8” Net Book * 8" TFT LCD (800x480) * CPU with Intel Atom processor N270 * 160GB(Up to 500GB)2.5" HDD * Support SD, MMC, MS / MS Pro(up to 32GB) * 1GB DDR2 667/533/400MHz(up to 2GB) * LAN 10/100M * 0.3M Pixels Camera * Built-in high-speed wireless LAN(802.11 b/g) * Support Linux/Windows XP/Windows Vista * Rechargeable Polymer battery (3 Cells/11.1V/2200 * 252mm X 190mm X 34mm

4. Product Number: NBPC892
NBPC892 8.9” Net Book * 8.9" TFT LCD (1024x600) * CPU with Intel Atom processor N270 * 160GB(Up to 500GB)2.5" HDD * Support SD, MMC, MS / MS Pro(up to 32GB) * 1GB DDR2 667/533/400MHz(up to 2GB) * LAN 10/100M * 0.3M Pixels Camera * Built-in high-speed wireless LAN(802.11 b/g) * Support Linux/Windows XP/Windows Vista * Rechargeable Polymer battery (3 Cells/11.1V/2200mAH) * 252mm X 190mm X 32.5mm

5. Product Number: NBPC1022
10” Net Book * 10" TFT LCD (1024x600) * CPU with Intel Atom Processor N270 * 160GB(Up to 500GB)2.5" HDD * Support SD, MMC, MS / MS Pro(up to 32GB) * 1GB DDR2 667/533/400MHz(up to 2GB) * LAN 10/100M * 0.3M Pixels Camera * Built-in high-speed wireless LAN(802.11 b/g) * Support Linux/Windows XP/Windows Vista * Rechargeable Li-ion battery (3 Cells/11.1V/2200mAH) * 256mm x 183mm x 34mm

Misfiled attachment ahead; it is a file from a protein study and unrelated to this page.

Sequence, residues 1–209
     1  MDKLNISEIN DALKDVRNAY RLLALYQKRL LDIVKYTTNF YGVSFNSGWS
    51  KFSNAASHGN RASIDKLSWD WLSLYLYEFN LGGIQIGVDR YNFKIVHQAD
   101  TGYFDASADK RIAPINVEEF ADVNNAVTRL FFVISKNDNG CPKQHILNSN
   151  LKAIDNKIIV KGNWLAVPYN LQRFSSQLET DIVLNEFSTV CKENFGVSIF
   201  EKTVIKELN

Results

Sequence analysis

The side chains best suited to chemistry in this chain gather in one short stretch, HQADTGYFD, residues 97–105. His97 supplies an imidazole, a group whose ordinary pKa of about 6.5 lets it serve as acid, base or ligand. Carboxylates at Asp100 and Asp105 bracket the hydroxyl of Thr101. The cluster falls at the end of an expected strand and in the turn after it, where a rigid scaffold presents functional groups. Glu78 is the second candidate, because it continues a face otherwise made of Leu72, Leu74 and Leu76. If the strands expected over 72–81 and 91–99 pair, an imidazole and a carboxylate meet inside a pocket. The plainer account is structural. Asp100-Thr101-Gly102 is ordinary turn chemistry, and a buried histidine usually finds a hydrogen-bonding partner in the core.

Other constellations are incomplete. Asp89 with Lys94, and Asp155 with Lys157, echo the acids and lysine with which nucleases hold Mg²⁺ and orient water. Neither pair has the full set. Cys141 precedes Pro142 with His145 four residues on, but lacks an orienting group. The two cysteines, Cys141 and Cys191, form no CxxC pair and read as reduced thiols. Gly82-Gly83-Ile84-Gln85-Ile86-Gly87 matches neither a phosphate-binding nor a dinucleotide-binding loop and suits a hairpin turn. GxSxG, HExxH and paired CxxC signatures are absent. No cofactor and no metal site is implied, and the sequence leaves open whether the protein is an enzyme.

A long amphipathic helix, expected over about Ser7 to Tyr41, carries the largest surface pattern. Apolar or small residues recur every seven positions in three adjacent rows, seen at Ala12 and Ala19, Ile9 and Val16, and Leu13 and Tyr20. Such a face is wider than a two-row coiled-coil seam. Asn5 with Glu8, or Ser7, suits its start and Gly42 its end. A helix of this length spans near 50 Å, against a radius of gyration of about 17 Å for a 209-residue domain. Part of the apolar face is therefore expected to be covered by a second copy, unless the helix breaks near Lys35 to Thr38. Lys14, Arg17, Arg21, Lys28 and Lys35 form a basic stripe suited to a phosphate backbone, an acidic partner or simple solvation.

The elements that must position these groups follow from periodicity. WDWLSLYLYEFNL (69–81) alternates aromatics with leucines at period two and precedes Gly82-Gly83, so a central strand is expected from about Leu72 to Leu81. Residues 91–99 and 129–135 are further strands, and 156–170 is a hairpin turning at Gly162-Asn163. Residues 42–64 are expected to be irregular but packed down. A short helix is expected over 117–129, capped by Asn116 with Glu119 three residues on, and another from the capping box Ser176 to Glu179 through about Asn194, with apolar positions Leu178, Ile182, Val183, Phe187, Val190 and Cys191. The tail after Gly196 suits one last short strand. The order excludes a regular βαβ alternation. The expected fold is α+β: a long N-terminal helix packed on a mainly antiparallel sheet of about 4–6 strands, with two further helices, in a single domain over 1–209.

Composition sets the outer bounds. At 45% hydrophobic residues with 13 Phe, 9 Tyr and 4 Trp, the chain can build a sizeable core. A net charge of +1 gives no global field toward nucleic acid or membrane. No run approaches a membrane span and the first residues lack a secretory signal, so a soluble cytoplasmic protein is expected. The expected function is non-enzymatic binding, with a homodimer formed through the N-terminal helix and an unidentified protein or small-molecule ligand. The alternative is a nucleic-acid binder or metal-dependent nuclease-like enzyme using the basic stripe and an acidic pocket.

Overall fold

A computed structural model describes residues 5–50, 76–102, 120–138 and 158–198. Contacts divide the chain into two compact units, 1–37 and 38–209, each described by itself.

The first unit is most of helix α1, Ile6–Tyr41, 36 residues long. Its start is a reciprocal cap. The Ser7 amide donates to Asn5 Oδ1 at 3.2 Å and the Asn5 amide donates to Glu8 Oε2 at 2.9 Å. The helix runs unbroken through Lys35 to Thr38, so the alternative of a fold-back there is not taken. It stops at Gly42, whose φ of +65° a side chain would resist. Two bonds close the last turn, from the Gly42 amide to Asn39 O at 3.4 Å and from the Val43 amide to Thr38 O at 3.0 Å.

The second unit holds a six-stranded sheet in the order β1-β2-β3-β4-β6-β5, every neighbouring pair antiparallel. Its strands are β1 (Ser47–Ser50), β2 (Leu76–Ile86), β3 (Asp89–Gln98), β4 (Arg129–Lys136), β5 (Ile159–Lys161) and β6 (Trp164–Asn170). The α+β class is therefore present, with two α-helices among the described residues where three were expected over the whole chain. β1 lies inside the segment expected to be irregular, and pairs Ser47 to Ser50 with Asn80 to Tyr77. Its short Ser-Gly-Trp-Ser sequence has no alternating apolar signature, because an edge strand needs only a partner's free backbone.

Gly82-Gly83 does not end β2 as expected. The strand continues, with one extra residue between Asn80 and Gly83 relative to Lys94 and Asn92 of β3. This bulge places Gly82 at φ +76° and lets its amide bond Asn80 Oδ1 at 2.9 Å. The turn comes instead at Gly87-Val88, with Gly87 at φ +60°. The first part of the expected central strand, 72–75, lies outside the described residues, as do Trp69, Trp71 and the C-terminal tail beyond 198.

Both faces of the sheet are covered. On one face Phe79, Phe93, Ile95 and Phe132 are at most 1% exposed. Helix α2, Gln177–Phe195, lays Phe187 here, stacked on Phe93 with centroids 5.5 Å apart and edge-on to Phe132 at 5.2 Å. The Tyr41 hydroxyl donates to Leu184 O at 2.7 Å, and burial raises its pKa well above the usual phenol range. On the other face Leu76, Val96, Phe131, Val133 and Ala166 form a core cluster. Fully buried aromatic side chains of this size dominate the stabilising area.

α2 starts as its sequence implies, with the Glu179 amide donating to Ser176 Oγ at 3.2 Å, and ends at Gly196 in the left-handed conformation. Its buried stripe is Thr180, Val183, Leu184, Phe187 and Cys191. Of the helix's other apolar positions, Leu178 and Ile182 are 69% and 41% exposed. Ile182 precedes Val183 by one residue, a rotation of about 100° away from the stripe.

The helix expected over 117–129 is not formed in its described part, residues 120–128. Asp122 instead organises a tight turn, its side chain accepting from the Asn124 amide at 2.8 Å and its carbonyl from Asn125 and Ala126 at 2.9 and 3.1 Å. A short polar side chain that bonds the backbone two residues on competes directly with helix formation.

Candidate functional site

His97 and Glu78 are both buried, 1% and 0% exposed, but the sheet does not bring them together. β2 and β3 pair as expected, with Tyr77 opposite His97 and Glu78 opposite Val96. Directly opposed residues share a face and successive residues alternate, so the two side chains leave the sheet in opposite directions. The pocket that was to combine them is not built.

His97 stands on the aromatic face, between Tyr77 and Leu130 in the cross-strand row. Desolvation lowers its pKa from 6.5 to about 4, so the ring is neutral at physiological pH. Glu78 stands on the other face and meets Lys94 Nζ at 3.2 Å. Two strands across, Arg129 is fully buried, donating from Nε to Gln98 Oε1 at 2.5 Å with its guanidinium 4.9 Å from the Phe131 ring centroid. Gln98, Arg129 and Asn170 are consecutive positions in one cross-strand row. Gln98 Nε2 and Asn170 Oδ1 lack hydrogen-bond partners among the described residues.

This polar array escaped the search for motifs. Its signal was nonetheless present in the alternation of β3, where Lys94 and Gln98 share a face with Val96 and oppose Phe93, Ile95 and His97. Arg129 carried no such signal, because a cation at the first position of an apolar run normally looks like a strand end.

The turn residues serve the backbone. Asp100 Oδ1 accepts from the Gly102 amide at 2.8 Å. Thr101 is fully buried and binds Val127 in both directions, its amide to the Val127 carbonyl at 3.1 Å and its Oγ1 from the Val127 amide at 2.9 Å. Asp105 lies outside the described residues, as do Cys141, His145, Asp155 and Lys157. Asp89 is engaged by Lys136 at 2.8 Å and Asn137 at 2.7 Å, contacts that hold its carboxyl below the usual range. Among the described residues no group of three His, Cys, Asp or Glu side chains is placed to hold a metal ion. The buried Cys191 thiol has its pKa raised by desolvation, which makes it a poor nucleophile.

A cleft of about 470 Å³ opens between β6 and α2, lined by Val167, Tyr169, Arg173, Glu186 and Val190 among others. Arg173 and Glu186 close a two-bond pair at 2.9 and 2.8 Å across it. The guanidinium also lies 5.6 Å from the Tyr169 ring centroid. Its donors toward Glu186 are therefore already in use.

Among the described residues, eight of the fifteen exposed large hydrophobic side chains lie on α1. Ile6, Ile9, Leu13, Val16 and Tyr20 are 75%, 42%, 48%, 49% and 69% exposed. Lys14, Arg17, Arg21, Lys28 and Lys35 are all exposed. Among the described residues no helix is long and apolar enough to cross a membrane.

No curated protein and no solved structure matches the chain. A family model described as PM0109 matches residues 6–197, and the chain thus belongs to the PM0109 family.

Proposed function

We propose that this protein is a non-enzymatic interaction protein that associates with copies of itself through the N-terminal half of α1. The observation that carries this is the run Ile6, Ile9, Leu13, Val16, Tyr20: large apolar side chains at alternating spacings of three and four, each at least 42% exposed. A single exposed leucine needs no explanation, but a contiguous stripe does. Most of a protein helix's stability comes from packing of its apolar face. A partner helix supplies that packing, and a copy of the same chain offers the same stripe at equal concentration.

6. Product Number: NBPC1028
10” Net Book * 10" TFT LCD (1024x600) * CPU with Intel Atom processor N270 * 160GB(Up to 500GB)2.5" HDD * Support SD, MMC, MS / MS Pro(up to 32GB) * 1GB DDR2 667/533/400MHz(up to 2GB) * LAN 10/100M * 1.3M Pixels Camera * Built-in high-speed wireless LAN(802.11 b/g) * Support Linux/Windows XP/Windows Vista * Rechargeable Li-ion battery (3 Cells/11.1V/2200mAH) * 258mm X 197mm X 25.5mm

7. Product Number: NBPC1030
10” Net Book * 10" TFT LCD (1024x600) * CPU with Intel Atom processor N270 * 160GB(Up to 500GB)2.5" HDD * Support SD, MMC, MS / MS Pro(up to 32GB) * 1GB DDR2 667/533/400MHz(up to 2GB) * LAN 10/100M * 0.3M Pixels Camera * Built-in high-speed wireless LAN(802.11 b/g) * Support Linux/Windows XP/Windows Vista * Rechargeable Li-ion battery (3 Cells/11.1V/2200mAH) * 258mm X 197mm X 25.5mm

8. Product Number: NBPC1220